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Access to the Airwaves:
My Fight for Free Radio by Allan H. Weiner as told to Anita Louise McCormick
REVIEWED BY JERRY BERG
From Antique Radio Classified
(Copyright 1997 by John V. Terrey - For personal use only.)
As most any weekend check of 6955 kHz will show, U.S. pirate radio is alive and well. Unlike the European pirates, whose operations resulted at least in part from government monopolies that foreclosed development of a private broadcasting industry, pirate radio in the United States has basically been kids playing radio.
Allan Weiner is one of the older kids, having put a number of well-known pirate operations on the air over his 45 years. These operations include, arguably, the most famous of them all -- Radio New York International (RNI), which, in 1987, broadcast from a ship off the east coast, drawing the attention of much of the national media in the process.
The details of Weiner's pirate operations are the best part of this book, which is otherwise a chronological account of Weiner's personal life, with an emphasis on his pirate radio activities. As Weiner puts it, "My story is one of a lifelong fascination with the art and science of communicating by means of radiant energy transmitted through space in the form of radio waves." However, he also observes, "If there's anything I don't like in my life, it's being told what to do." Therein is the heart of the problem that has put him at odds with the FCC over the years.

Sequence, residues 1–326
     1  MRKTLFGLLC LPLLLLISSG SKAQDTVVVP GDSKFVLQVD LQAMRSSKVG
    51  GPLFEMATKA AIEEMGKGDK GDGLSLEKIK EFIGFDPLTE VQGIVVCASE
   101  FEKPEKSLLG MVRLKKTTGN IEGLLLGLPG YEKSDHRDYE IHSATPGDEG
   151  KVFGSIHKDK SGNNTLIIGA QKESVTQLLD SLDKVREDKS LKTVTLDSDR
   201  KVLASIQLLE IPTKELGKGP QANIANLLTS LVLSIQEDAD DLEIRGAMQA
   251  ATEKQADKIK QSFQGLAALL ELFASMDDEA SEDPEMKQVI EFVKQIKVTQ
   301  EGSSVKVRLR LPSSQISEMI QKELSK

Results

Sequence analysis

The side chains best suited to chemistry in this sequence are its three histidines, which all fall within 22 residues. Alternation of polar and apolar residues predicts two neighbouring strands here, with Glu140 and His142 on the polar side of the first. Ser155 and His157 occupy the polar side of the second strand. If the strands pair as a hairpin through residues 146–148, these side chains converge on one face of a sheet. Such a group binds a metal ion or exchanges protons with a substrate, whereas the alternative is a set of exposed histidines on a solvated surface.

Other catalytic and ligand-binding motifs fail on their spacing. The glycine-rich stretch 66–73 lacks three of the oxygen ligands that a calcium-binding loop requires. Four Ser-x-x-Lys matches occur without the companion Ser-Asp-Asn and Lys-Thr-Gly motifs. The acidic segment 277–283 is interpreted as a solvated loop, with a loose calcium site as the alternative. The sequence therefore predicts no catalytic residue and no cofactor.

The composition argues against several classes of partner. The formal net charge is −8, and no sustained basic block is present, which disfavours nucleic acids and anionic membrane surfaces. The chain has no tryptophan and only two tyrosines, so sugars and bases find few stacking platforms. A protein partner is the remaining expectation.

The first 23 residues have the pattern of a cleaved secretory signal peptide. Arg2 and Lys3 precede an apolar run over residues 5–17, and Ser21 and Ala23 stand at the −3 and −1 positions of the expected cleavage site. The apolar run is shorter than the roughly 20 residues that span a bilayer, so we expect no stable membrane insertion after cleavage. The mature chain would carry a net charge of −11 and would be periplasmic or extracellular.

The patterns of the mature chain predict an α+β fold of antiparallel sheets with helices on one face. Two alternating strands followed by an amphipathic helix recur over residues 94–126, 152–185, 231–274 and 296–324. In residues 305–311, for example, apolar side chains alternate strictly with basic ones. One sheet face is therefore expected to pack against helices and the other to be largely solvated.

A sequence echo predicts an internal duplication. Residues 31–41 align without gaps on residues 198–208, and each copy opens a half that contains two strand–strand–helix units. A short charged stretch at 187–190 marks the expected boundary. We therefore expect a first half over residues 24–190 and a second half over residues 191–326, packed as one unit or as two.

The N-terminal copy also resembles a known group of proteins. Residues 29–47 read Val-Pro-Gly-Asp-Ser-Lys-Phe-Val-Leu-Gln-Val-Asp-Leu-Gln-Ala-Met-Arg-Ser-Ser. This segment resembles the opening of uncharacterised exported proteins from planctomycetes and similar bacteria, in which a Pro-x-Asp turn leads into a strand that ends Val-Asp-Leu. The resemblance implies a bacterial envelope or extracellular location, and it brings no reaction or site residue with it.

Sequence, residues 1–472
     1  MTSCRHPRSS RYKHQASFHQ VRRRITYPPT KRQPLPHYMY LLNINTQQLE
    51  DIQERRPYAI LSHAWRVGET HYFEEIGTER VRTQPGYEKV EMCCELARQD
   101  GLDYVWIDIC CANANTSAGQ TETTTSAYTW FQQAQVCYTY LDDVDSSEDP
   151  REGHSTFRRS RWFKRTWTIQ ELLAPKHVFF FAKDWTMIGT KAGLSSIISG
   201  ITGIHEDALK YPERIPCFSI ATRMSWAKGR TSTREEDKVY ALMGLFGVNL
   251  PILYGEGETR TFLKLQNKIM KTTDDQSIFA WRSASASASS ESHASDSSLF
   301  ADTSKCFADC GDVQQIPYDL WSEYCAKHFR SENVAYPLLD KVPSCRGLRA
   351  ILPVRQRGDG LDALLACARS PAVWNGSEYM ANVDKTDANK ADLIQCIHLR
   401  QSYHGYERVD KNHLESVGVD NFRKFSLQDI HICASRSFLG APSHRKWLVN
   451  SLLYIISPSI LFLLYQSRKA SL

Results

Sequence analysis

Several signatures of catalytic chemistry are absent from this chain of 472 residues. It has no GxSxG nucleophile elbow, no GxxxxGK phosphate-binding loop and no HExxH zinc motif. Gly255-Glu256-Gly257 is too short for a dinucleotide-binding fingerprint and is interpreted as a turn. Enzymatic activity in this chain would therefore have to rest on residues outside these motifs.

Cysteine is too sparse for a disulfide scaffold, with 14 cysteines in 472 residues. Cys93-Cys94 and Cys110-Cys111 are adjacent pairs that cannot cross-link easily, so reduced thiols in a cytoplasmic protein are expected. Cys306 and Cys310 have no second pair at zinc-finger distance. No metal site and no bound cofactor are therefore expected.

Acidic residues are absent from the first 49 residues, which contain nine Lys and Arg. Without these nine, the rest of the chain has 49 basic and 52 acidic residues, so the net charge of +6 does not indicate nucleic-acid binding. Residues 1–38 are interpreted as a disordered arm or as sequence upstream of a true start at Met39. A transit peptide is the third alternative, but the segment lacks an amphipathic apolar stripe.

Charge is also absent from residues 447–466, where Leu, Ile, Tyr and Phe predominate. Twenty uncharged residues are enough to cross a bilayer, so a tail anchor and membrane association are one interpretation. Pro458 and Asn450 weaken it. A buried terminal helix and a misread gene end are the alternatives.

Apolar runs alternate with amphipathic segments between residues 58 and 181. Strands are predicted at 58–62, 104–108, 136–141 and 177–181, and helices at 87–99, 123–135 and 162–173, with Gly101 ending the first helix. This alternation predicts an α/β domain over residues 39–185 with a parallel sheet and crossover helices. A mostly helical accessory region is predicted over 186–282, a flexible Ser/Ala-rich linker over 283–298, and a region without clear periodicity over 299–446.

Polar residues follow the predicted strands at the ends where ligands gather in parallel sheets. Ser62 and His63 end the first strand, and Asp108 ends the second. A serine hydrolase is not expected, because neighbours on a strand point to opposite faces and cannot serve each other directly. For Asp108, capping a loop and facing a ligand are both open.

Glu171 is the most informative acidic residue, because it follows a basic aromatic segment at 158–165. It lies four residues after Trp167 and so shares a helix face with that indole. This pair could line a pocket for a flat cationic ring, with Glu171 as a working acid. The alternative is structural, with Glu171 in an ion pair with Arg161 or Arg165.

Whatever one might think of pirate broadcasting, Weiner's commitment to it certainly is genuine. He put his first station on the air when he was fifteen, and one cannot read the accounts of his many subsequent efforts, including the outfitting of the M/V Sarah (home of RNI), without being impressed by his intelligence and industry.
Indeed, Weiner's considerable skill in turning junk into radio stations has permitted him to earn his living in the broadcasting industry, both as engineer and station owner. His energy and enthusiasm continue unabated, for, while not described in the book, it is well known that he has assisted in outfitting another radio ship, the Electra, soon to depart Boston for an unknown Caribbean destination.
At least some of Weiner's prior trespasses appear to have been forgiven. Recently, the FCC granted him a construction permit for a 50,000-watt shortwave station on his farm in Monticello, Maine, with call letters WBCQ. He hopes to have the station on the air by late summer/early fall.
There are some serious topics in pirate-related broadcasting, including the inherent constraints on the little guy from the high cost of licensed broadcasting, the feasibility of a hobby broadcasting band, and FCC enforcement policy toward pirate broadcasters (pretty lax of late). Unfortunately, these subjects are not dealt with in any analytical way in this book. Neither is Weiner's basic argument that FCC licensing policies have abridged his free speech and personal liberties. However, if you are interested just in knowing a little more about one of the longer running David and Goliath tales of pirate broadcasting, this book will give you Weiner's side of the story.
Access to the Airwaves: My Fight for Free Radio by Allan H Weiner, as told to Anita Louise McCormick, is available in soft cover, 5 1/2" x 8 1/2" format, at $17.95, plus $4.95 shipping and handling. You may order it from the publisher, Loompanics Unlimited, P.O. Box 1197, Port Townsend, WA 98368. Visa and MasterCard are accepted by mail and by phone. 1-(800)-380-2230.
(Jerry Berg, 38 Eastern Ave., Lexington, MA 02173. firstname.lastname@example.org)